What’s important is that these titles are available in a variety of markets. The bookstore market feeds libraries (the “other” direct market; libraries keep what they order) which allows another outlet for readers. Some newsstands might carry the Marvel Adventure digests or Naruto volumes. WalMart or Target could decide to pick up a title. If the industry is really lucky, gas stations will sell a hot title.

  10. Comic book publishers need to admit that the new retail comic book business is not a collectable form of entertainment any more. They need to embrace multiple formatting. Place the new books on line and let customers read them for .25 or .50 a shot. Think of how many titles you could read at that price and then pay your dollars for only what you want to keep. If they like what they read then they will pay the big bucks to buy them, either thru downloads or in print in trades.

    Think of how much money the retailers could save not publishing everything in the traditional format. Also quicker turn around if something doesn’t work and if it does then more of what customers want. This method is guaranteed to pull in more new customers than any brick and mortar place can do today.

    In the late seventies early eighties the direct market format saved the comic book business, it’s time for another major change.

  11. The books are too expensive and are just not fun to read. Not enough bang for my buck. Meanwhile, I can pick up a volume of Rumiko Takahashi’s work or find a public domain copy of Police Comics to read on my iPhone, and I’m happy as a clam.

    When a comic spends time explaining why Electro can’t wear that funky star-shaped mask he’s been sporting for more than 40 years, that’s a sign someone’s taking this stuff way too seriously. If it’s ok for Yugi-Oh to have star-shaped hair and be super successful, why not Electro? For 40 years I’ve suspended belief and had fun. Too bad comics can’t seem to do that nowadays.

  12. So all the event of the decade that was seven years in the making could muster is 108k copies sold for it’s number 1 issue?.

    Talk about a FLOP, seriously I can’t wait to read Tom’s next tweet about how Siege was going to destroy Blackest Night.

    Looks like even the diehard Marvel Zombies have had enough of Bendis boring dialog and mediocre stories good for them.

    This has to be the biggest disaster or the Joe Q. era, say what you want but not even Final Crisis failed this badly and considering the fact that there are more Marvel fans than DC fans this looks even worse.

    Can’t wait to see the spin that comes from the House of Ideas to explain away how badly this just blew up in their faces.

  13. I haven`t looked at any of the Director`s Cut comics but by what they differ from original issue? In film industry it usually contains some cut footage which director wanted to include while editors refused. So what Director`s Cut edition has? Discarded art? Different dialogues?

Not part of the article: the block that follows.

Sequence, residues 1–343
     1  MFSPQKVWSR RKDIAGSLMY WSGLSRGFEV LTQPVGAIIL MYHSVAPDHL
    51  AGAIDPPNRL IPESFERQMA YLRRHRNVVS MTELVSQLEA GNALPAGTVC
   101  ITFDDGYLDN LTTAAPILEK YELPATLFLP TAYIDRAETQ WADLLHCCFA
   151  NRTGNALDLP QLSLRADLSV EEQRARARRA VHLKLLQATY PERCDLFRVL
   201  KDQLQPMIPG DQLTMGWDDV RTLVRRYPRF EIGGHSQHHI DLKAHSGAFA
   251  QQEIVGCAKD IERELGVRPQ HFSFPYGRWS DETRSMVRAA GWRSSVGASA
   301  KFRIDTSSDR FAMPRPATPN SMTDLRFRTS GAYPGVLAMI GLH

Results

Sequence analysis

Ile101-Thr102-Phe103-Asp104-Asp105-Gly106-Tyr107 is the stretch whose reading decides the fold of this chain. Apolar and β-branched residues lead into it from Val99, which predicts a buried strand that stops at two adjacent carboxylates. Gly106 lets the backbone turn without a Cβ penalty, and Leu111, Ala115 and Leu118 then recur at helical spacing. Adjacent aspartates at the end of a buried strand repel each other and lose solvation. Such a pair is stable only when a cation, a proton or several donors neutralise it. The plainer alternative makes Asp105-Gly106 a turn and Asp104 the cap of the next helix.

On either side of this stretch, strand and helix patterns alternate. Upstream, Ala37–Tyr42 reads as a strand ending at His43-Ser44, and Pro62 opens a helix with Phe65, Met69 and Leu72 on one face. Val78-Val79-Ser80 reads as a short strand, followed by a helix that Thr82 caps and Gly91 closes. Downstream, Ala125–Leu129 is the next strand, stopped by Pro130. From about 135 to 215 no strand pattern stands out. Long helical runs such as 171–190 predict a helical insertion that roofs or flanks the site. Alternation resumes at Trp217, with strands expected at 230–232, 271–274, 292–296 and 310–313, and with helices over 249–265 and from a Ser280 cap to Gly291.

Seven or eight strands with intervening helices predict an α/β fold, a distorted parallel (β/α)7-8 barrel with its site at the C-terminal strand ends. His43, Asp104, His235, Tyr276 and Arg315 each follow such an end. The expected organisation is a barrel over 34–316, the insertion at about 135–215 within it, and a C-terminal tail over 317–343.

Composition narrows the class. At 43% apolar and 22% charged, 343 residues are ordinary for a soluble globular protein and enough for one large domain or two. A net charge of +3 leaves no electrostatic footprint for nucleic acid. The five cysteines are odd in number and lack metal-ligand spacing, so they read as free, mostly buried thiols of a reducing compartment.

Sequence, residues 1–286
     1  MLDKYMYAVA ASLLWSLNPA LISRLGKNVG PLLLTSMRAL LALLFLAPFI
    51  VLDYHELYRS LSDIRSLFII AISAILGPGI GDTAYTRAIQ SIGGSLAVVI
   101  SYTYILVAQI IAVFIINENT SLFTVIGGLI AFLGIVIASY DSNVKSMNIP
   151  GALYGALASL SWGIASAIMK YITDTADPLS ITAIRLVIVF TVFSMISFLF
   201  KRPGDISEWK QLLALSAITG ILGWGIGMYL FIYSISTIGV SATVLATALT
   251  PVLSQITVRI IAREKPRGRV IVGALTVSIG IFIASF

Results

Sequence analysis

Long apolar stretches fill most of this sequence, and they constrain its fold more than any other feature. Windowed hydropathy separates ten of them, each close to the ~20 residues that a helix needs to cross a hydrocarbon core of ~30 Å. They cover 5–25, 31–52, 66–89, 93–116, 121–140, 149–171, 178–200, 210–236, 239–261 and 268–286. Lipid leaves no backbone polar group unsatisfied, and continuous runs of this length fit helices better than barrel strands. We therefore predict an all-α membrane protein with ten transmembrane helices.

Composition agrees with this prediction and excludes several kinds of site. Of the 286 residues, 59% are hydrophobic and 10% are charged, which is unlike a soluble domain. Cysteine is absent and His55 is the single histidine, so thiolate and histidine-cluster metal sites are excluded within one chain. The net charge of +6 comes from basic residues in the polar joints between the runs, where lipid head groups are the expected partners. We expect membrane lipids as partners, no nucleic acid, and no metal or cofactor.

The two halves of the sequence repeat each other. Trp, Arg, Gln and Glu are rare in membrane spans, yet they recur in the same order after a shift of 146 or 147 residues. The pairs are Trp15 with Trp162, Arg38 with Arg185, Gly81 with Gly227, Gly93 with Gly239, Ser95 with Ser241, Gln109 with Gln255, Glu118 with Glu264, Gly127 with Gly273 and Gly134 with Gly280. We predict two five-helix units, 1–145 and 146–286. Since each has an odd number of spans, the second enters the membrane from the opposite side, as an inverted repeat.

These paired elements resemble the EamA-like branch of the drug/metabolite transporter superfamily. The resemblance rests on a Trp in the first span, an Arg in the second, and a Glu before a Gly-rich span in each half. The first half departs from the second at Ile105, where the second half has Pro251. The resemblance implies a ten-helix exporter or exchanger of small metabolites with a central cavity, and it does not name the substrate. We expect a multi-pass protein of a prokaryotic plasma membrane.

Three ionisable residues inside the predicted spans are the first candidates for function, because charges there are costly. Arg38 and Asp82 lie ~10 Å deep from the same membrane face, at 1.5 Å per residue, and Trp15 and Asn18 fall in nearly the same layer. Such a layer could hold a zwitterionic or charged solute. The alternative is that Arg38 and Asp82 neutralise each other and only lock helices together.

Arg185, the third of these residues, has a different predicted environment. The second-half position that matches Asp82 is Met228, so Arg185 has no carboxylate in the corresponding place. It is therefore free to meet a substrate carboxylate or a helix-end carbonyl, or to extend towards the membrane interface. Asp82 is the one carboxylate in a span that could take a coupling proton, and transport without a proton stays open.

14. “Volde-

    Hey, maybe Siege #1 will have huge reorders, like another 100k… Yeah, right.”

    Except that those weren’t re-orders, BN #6 came out the last week of December when no other comics shipped and you had to sign an agreement to be able to get them a week earlier. Obviously while alot of people did sign the agreement some either didn’t want to or coudn’t and receieved their copies the next week which was the first of January.

    Even if let’s say Siege #1 sells 40k more copies to be generous next month it’s still a FLOP, every Marvel event has sold around 200k copies for their first issue if not alot more. The fact that Siege #1 sold so poorly is a debacle as far as Marvel goes, I honestly can’t wait to see someone ask either Tom or Joe about how badly their big event has failed.

  15. Well being the not so modest SOB that I am, I will proudly (and loudly) like to say that I TOLD YOU GUYS SO. I told you guys that this day was coming soon, and it has.

  16. What I see happening here is that readers are either dropping buying comics altogether (probably due to the recession), or people are at the very least cutting orders back to a handful of beloved titles.

    This order pattern will favor the bottom of the list, curiously enough, where indies and cult books with niche audiences tend to dominate. It will be the big bloated events and struggling midlist books that have the most to lose.

  17. Obviously the Blackest Night skip month.

    Blackest Night is what Secret Invasion was for Marvel, a true head scratcher of a moneymaker that the masses bought for no explicable reason other than creative marketing.

    I thought this would only a short-term spike in sales for DC, but it looks they are turning tide. Sales for the Siege event are down BY A LOT compared to Secret Invasion. And Invasion had much worse laid out storyline. People have finally woken up and smelled the coffee.

    But the true test will be Brightest Day vs. the Heroic Age. After having two failed weekly series in Trinity and Countdown (to Final Crisis), can Can Didio’s biweekly titles succeed against Marvel’s “big 3” written by the overrated hack known as Brian Bendis? Stay tuned!